The Anti-diet, rations from the World Food Programme
I'm exploring a different side of food here today on Chez Pim. Not the usual romp among the delights of gastronomy, but a more realistic look, perhaps, at the state of the world. A couple of days ago, a package arrived from the World Food Programme headquarter in Rome. Inside the box were a few examples of typical emergency ration distributed by the WFP to the hungry and needy around the world. Greg Barrows of the WFP suggested I try them. I thought that might be fun, so I said yes.
I know, I know, it was glib of me to think that something like that might be fun. But in my defense, I could hardly help it, food is fun for me, and for many of you too I'm sure. It's only when I opened the package that the reality of the situation set in. The stuff they sent looked more than grim. I wondered to myself if I should talk about those rations at all, if juxtaposing High Energy Biscuits –that look sort of like compacted sawdust- with the usual talk of fancy food around here would just be too, you know, weird or heartless or...something.
But then I decided I'd do it. I would try them all, and then I would blog them even. Not that trying these rations would make me understand what it's like to be starving, but perhaps it might teach me a little something. We might never willingly give up our indulgences, but if this awareness inspires us to share even a little of what we have, it might do us -and the world- a bit of good.
So, let's see, shall we?
The first box that caught my eyes was something called "BP-5 Compact Emergency Food". The notation that came with it said that it's useful in natural disaster or displacement situation where people might be stranded and have no means to cook food. The paper box had the label on one side, and on the other quite a cute set of illustration in lieu of usage instructions, obviously intending to be universally understood. Inside the paper box was yet another packaging, this time aluminum foil printed with the full nutritional values. Inside the foil pacgake are the compact food bars, wrapped in pairs in paper. Each bar pack quite a punch, with 8 grams of protein, 9 grams of fat, and over 30 grams of carb. This aint no Slim Fast bar I tell you. Kat of Kungfoodie commented on my Flickr stream that this is modern day Lembas bread. (You are geeky enough to know that Elven food, yes?) I suppose it is.
These bars look kind of grim, sort of like compacted sawdust. I picked one up...doesn't smell that bad really, something like toasted oat or wheat. It doesn't taste half bad either. I wouldn't say it tastes good by any means, but sort of pleasantly toasty and slightly sweet, though I must admit the texture bothered me a bit. But then again I've had things that tasted far worse at some of the world's fanciest restaurants.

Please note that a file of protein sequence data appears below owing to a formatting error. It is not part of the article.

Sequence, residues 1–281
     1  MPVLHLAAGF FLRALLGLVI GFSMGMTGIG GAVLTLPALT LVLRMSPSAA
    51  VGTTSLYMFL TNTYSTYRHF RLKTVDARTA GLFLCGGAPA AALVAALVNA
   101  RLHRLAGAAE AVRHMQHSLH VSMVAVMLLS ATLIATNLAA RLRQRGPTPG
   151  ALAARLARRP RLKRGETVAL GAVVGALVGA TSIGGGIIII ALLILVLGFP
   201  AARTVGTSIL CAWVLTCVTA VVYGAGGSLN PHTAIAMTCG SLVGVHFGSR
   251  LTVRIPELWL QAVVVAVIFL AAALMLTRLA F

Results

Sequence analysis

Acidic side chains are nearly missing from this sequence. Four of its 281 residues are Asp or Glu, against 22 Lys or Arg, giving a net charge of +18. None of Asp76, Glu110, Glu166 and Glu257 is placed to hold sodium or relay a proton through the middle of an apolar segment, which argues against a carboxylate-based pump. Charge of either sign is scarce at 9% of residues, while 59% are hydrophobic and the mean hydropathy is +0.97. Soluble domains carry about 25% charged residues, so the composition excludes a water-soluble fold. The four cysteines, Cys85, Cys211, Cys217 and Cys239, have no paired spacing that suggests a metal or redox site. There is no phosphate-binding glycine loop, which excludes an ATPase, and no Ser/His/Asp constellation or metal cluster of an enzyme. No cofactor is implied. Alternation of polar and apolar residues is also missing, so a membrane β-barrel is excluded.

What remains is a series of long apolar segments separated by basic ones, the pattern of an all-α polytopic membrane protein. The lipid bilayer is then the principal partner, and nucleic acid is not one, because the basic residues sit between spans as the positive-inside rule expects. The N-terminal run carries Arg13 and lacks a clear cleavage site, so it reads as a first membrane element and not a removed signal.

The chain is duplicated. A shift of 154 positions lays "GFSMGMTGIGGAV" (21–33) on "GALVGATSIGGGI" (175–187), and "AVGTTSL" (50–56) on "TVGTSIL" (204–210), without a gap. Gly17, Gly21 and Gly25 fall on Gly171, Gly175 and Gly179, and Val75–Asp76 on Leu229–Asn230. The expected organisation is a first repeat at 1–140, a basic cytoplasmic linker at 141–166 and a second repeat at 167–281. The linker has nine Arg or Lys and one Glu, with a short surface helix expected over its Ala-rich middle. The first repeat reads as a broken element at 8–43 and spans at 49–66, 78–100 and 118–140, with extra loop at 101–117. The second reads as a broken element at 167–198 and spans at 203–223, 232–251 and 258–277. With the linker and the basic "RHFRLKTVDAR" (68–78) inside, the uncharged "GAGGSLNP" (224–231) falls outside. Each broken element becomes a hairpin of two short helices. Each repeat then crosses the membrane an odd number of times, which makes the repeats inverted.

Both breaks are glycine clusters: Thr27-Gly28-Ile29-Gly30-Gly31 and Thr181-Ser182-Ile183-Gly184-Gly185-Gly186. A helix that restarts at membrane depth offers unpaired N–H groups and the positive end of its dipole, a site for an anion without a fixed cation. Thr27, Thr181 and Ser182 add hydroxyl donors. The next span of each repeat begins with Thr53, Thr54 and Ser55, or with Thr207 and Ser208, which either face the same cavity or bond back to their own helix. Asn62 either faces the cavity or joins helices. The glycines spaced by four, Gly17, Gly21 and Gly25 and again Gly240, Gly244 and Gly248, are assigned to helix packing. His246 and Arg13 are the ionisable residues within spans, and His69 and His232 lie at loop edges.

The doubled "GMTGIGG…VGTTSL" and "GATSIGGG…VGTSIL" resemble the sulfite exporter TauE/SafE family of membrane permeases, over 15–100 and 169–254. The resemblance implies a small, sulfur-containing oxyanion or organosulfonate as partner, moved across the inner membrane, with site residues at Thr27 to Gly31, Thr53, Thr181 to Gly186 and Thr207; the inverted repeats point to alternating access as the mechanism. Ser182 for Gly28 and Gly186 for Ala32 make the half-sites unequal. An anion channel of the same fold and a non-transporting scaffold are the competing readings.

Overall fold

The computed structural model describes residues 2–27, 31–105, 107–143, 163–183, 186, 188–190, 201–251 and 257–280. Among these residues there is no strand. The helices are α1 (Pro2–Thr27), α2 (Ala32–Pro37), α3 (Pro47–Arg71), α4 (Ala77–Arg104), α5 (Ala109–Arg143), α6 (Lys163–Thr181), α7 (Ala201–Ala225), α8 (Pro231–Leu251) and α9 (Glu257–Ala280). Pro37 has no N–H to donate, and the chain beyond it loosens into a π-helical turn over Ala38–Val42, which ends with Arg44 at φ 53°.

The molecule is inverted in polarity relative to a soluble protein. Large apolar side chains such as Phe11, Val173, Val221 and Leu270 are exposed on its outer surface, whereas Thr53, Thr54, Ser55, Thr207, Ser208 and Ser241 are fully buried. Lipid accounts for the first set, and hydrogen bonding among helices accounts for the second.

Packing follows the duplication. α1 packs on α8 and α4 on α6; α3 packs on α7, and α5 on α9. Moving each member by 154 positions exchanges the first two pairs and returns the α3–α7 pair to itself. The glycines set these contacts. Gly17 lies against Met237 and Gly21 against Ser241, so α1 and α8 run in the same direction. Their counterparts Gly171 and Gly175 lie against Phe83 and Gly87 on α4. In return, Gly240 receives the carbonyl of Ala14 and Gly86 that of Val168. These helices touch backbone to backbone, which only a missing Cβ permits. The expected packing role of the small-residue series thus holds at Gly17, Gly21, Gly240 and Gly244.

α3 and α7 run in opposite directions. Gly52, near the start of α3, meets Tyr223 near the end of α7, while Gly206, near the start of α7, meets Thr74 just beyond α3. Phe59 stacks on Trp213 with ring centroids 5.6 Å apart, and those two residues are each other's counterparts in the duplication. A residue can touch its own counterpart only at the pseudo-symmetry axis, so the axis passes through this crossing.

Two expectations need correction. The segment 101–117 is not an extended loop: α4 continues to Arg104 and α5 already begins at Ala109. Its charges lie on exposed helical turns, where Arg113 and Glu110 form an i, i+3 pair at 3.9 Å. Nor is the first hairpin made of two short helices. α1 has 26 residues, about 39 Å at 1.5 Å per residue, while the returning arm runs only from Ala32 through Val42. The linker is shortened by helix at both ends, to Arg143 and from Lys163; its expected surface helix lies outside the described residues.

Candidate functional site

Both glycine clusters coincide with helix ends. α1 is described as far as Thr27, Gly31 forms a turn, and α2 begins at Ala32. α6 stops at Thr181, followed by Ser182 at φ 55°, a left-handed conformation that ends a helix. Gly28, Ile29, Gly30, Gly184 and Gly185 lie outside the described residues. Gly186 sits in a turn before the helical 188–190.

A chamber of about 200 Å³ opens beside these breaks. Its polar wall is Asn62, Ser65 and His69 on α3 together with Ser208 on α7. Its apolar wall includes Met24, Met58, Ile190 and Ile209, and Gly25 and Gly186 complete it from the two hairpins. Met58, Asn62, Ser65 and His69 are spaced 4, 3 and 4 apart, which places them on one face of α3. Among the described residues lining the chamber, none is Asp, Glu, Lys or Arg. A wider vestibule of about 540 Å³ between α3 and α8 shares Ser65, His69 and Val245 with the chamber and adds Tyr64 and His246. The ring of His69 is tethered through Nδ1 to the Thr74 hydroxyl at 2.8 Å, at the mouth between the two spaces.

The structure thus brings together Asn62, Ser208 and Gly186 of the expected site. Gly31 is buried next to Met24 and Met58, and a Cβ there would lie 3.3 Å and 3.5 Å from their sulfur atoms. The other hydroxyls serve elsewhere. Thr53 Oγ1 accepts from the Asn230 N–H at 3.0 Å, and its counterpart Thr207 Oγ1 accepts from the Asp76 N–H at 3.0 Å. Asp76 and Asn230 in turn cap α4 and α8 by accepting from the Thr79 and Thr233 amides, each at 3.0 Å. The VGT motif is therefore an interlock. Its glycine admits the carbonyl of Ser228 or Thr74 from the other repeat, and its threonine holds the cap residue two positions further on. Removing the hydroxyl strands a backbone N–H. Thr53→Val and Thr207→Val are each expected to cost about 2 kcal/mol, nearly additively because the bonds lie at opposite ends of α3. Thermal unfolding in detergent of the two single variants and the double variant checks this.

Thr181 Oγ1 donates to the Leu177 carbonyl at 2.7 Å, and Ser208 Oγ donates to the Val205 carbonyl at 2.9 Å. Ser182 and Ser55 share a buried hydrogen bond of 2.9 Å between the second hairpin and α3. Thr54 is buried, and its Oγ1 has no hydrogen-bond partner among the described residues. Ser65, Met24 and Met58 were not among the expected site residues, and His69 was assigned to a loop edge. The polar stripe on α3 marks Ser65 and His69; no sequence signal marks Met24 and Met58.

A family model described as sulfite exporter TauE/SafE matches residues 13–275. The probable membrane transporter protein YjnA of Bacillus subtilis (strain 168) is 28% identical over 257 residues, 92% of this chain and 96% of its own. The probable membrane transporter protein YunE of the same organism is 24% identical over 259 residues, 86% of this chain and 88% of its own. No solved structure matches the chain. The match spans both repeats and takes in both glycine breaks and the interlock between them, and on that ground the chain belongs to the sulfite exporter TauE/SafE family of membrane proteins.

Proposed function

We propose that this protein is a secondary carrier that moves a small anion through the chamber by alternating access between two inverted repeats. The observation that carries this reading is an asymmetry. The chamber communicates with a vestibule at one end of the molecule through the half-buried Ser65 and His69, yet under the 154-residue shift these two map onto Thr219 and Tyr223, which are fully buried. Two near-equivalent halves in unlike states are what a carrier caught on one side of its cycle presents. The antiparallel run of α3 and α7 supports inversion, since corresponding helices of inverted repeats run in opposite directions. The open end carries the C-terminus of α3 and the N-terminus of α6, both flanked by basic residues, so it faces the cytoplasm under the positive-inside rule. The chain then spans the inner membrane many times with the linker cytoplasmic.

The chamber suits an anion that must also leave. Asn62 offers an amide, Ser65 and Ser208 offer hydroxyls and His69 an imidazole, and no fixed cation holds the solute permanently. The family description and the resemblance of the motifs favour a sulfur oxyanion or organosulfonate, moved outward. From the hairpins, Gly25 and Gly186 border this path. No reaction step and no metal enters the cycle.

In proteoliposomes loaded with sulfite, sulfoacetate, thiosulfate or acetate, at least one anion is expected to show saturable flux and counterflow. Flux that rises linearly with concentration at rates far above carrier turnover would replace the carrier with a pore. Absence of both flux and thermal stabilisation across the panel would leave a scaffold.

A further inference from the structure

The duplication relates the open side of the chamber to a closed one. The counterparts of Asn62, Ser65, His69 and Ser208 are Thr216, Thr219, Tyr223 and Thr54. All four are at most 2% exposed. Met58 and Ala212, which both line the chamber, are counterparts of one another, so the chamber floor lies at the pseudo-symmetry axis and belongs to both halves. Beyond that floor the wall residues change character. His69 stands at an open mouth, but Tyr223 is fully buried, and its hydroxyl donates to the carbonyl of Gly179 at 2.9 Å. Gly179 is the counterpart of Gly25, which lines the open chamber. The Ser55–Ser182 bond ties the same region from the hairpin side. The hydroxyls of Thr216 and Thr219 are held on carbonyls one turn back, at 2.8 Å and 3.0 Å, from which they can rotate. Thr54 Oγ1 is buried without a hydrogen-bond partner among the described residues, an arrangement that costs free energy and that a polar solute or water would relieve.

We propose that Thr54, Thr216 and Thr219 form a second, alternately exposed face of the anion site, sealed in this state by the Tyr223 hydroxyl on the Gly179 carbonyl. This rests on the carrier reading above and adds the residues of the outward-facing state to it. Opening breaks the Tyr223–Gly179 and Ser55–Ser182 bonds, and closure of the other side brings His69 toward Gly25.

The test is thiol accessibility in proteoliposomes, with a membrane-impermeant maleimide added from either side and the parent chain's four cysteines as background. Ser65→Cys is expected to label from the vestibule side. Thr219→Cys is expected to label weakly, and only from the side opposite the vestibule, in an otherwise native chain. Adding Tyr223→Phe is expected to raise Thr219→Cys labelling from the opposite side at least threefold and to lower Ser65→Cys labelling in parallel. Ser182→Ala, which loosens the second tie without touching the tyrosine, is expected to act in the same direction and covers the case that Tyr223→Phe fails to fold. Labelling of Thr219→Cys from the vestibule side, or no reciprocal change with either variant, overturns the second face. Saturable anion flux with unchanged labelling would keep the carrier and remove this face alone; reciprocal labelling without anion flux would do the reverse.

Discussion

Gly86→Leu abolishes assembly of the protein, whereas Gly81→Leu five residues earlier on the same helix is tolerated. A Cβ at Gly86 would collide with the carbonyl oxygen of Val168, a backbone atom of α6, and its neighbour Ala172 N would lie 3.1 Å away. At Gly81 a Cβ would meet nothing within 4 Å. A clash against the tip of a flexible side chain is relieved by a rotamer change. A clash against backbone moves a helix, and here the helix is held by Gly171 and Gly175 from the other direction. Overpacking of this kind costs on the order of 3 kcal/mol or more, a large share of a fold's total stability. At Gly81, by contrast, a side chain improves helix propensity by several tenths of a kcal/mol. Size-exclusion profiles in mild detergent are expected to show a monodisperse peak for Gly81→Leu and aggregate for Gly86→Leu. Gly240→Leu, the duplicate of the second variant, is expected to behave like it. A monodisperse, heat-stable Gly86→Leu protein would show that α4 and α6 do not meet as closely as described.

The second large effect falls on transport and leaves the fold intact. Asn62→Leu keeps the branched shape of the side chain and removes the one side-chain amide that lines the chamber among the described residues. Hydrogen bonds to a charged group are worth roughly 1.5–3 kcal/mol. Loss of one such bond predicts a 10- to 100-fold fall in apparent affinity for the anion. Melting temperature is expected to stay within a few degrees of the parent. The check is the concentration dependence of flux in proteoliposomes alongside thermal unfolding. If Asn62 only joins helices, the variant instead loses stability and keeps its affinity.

The second item I tried was a package of High Energy Biscuits. The foil package said that it's a gift from Iceland to the World Food Programme. I guess this qualifies as the first Icelandic food I've ever tried. These biscuits are not entirely awful either. I'd say they are rather inoffensive tasting stuff, sort of taste like what you think a biscuit would –albeit slightly stale, and obviously suffered a bit in transit.
There was also a small green package with a Sponge Bob-looking character on it. It's apparently some sort of wafer, and it might even have some chocolate in it. I didn't get to try it because it came with a note warning me that it's 'past its sell by date.' That might not deter me usually, but the wafer was produced in Iraq for Iraqi children –an example of locally produced food items funded by WFP- and the package was covered in Arabic...which means I couldn't quite figure out exactly how long past the date it, in fact, was. Call me a wimp but I took a pass.
The last and final item was perhaps the most interesting. It's what they called CSB, or Corn Soya Blend, a mixture of corn, soy and vitamins. It's the stuff that WFP use to feed starving people in Africa, for example. Apparently they ship over half a million tons of it a year. It's usually cooked simply with water to make mush or porridge.
Recently the WFP sent a sample of CSB to some of the most famous chefs in the world to cook with and serve to their customers. It's a sort of quirky awareness campaign, uniting the world's richest with the poorest through food or something like that.
I thought it might be fun to do something with the CSB that they sent me. The powdery CSB in its raw form smells like peanuts to me, so I made a batch of peanut butter cookies with it. I used a peanut butter cookie recipe from an old cook book by my friend and Menu for Hope II's European host, David Lebovitz. I had to change the proportion a bit, adding an extra egg because the batter was a little too dry for example. The cookies came out not so bad at all, in fact.
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You might also want to check our regional host blogs which will be highlighting great prizes that you may have not noticed yet throughout the week.
And for wine related prizes: Vinography